Mr. Chair, a very important indication of the current state of the public service culture is the public service employee survey, the results of which were recently released. They show clear concerns on the part of employees about values and ethics in the workplace, about supporting mental health, and about confidence among public servants about speaking up. We encounter these concerns in the work we do on a daily basis, as illustrated by my two recent case reports of founded wrongdoing and others that I have tabled in Parliament to date.
There is clearly work to do in changing the culture. For example, to the question of whether individuals feel they can initiate a formal recourse process without fear of reprisal, less than 50% of public servants who responded said that they could.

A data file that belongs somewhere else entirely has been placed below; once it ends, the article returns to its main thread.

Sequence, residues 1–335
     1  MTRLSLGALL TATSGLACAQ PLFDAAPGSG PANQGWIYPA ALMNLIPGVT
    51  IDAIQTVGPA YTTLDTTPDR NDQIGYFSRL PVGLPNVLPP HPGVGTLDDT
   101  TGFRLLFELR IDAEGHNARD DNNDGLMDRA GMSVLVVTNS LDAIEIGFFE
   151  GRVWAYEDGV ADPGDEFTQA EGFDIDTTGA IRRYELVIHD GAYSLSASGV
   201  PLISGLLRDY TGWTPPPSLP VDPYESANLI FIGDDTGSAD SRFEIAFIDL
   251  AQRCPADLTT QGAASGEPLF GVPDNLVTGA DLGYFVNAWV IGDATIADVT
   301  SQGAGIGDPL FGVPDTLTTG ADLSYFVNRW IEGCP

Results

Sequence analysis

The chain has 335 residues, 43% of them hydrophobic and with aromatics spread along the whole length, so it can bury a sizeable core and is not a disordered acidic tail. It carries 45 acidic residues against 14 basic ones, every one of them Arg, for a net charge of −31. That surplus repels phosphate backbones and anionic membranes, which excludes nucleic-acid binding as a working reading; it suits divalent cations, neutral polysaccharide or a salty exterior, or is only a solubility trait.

As a Chief Executive myself, one of my immediate interests was how the survey reflected on the state of my own organization. I was very pleased to see that the results indicate a healthy, secure and well-supported workforce. This confirms that the talented people on my team recognize and value the very attributes of the healthy culture that our Office was created to support and protect in the first place. Further, I was heartened to see that 96% of our employees described the workplace as being psychologically healthy.
Mr. Chair, these survey results tell me that my Office, which itself has gone through some much-publicized difficulties in its early days, is an example of the possibility of positive change. It also tells me that my employees are well equipped and able to carry out their difficult and demanding work. In fact, 82% said they would prefer to stay with us, even if a comparable job was available elsewhere. Frankly, I could not be more proud of these results and of the PSIC team.